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Bleeding Hearths Libertarians

On liberalism and democracy

I have a new podcast discussion with our friends at the Institute for Liberal Studies here. The new ILS podcast, “The curious task”, is hosted by Alex Aragona and its overall site is here; previous guests include Nigel Ashford and Peter Jaworski. Published on: August 21, 2019August 21, 2019Author: Jacob T. Levy

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On the Latest Brouhaha in Academic Philosophy

Daily Nous posted this badly written letter yesterday: http://dailynous.com/2019/08/06/recognizing-gender-critical-feminism-anti-trans-activism-guest-post/ It claims that Gender Critical Feminists aren’t engaging in scholarship when they…get this…publish papers or conduct interviews where they argue for GCF. Rather, they are really doing activism (which, presumably, means they are less protected by norms of academic freedom). But the authors don’t argue for this position, really....

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The One Adam Smith Nonproblem

I argue (with zero originality) that there is only one Adam Smith. This reprises arguments made by Dan Klein, James Otteson, Russ Roberts, Vernon Smith, and Bart Wilson, among others. But I have tried to make the argument in a way that is concise and accessible. Which means, of course, that I may just have it wrong. YOU decide! Published on: August 3, 2019August 3, 2019Author: Mike Munger

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Epistemic Liberalism and Open Borders

The following interview is republished from the blog at the Centre for the Study of Governance and Society at King’s College London, a leading research center examining how formal and informal rules of governance operate and evolve, and how these rules facilitate or imperil peaceful, prosperous and ecologically secure societies. Follow them on Twitter @csgskcl.  Adam Tebble is a Senior Lecturer in Political Theory at King’s College London. The following interview is based on his...

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Jonny Anomaly on Genetic Enhancement

Jonny Anomaly just wrote a book about genetic enhancement. Here’s a preview. Also, here is a blog post he wrote on the same topic.  It looks people are likely to create more gene edited babies going forward despite criticism of the practice. Meanwhile, the World Health Orginization chose a former FDA comissioner to co-chair an advisory committee addressing standards for the regulation of gene editing.  In light of this, Jonny’s helpful discussion of some of the challenges associated...

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The Dual Legacy of the Declaration of Independence

No one should raise the stars and stripes on the 4th. The proper flag to raise on the 4th of July is the black flag of anarchy. – Nick Manley The Fourth of July commemorates the anniversary of the American Declaration of Independence, a document which the anarchist must view with mixed emotions. The document’s stirring proclamation that “all men are created equal,” with inalienable rights to “life, liberty, and the pursuit of happiness” that no government is entitled to infringe;...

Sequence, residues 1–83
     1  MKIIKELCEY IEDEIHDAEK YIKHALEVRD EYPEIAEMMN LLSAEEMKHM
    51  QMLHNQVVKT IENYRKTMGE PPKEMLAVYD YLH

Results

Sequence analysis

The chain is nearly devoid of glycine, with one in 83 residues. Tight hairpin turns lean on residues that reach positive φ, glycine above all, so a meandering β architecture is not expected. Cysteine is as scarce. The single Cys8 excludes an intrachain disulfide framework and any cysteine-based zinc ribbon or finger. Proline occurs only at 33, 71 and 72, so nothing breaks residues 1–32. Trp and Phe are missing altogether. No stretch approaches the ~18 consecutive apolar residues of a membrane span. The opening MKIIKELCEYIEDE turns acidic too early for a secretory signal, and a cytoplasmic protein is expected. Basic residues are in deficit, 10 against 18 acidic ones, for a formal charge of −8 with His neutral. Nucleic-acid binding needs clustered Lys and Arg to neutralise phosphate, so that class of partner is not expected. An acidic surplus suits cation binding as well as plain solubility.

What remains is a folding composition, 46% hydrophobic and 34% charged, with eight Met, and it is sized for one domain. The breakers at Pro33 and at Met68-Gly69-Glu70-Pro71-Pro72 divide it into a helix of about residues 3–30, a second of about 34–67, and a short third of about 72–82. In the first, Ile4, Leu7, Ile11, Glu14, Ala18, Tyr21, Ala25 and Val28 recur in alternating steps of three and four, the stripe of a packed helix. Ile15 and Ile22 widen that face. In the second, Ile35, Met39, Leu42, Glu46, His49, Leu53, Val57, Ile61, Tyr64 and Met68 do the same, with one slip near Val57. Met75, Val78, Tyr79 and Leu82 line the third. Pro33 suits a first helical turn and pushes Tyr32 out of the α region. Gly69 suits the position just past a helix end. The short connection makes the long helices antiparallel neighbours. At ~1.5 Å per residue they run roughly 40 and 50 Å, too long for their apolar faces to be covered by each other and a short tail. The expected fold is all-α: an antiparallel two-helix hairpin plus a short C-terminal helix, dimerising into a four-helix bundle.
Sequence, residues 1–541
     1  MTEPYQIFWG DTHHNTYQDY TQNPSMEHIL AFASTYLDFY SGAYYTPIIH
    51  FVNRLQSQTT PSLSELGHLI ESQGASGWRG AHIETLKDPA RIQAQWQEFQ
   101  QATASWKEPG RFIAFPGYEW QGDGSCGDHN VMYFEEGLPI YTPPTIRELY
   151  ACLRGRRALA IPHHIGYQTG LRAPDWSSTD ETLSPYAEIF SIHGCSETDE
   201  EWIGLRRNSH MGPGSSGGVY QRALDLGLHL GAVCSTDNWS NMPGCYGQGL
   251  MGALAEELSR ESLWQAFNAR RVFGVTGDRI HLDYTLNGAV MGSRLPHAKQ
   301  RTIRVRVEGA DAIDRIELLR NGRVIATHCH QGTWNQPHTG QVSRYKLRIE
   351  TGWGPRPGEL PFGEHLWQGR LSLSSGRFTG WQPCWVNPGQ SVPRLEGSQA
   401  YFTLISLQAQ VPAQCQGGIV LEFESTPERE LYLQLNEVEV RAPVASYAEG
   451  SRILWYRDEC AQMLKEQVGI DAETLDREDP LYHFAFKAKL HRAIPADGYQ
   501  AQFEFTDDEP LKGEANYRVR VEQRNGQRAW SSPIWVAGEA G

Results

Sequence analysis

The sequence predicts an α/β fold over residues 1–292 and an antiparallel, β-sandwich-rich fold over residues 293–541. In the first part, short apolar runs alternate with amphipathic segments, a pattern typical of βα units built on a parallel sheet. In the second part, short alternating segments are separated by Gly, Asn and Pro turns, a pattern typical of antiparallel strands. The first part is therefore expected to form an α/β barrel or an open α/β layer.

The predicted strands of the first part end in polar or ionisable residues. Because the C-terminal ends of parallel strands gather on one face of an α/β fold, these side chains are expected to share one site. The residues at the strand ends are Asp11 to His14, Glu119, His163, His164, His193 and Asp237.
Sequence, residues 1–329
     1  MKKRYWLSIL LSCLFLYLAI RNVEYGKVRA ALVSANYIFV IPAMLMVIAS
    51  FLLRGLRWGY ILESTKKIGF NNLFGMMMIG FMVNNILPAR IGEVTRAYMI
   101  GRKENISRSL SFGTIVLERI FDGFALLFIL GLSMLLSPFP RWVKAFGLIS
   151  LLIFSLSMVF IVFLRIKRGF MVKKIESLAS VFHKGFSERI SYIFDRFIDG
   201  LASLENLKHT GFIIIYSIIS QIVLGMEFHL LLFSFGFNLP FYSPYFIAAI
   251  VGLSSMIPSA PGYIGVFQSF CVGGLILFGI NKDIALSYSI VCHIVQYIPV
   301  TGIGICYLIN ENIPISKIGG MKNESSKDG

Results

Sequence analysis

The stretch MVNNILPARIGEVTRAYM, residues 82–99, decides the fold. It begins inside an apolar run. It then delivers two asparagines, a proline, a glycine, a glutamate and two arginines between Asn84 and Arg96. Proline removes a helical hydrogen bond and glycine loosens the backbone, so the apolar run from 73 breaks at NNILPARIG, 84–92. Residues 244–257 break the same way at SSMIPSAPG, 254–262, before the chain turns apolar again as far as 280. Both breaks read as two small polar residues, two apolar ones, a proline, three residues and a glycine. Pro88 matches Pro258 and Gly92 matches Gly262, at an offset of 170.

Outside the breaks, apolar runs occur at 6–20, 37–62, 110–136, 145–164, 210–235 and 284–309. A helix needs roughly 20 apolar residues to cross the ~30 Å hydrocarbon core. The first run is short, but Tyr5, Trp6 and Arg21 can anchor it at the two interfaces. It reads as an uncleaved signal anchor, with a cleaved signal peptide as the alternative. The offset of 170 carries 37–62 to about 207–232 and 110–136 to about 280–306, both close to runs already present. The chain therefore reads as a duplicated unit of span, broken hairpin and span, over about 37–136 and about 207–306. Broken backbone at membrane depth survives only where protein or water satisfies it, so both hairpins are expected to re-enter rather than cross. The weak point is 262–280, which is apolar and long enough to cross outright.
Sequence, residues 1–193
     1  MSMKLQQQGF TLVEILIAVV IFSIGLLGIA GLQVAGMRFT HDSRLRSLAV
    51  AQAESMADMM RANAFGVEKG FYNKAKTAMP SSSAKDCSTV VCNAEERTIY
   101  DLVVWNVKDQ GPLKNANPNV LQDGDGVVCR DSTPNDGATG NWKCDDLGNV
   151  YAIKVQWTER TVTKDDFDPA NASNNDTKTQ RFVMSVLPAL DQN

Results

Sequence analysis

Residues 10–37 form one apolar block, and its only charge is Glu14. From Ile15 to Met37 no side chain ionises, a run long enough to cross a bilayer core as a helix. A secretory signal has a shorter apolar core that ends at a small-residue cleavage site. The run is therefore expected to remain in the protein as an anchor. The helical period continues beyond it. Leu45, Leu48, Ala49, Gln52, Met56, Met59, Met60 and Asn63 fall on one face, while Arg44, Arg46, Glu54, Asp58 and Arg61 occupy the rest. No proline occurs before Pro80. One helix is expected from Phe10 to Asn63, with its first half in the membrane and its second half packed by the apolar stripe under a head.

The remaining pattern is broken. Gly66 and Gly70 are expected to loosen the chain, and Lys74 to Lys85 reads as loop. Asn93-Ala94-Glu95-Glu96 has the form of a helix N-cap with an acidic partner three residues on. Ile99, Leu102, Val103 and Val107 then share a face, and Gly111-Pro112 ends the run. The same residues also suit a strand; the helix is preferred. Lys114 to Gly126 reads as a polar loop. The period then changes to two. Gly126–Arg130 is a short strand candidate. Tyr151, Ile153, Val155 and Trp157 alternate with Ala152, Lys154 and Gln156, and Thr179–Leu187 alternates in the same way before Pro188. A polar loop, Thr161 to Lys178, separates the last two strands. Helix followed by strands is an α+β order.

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Commercial Republicanism: A New Center-Right Governing Philosophy

Editor’s Note: The following essay is reprinted with permission from the Niskanen’s Center “Defending the Open Society” series. Read more here. You can read more from Robert S. Taylor on republican political theory in his new book,Exit Left: Markets and Mobility in Republican Thought. The 2016 elections transformed the Republican Party—and not for the better. A party that had been deeply committed since Goldwater and Reagan to the open society, limited government, and global...

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Economic Inequality: Three Takes

In June 1963, when Nathaniel Branden published a piece on “Inherited Wealth” in The Objectivist Newsletter, he was still the beloved disciple of Ayn Rand, who reprinted his piece in her 1966 collection Capitalism: The Unknown Ideal, and continued to include it in subsequent editions despite her break with Branden in 1968. As Rand famously did not allow opinions deviating even in the slightest from her own to appear in journals or books that she edited, we can assume Branden speaks...

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Randians vs. Stoics

Stoicism, particularly in its ethical and political aspects (a defense of individual self-mastery on the one hand and commercial society on the other – for the latter, see, e.g., Cicero’s De Officiis), has been enormously influential throughout western history. During the Roman period it took on something like the character of a mass religious movement; Stoics were also statistically overrepresented among assassins or attempted assassins of Roman emperors. (One third of all Roman...

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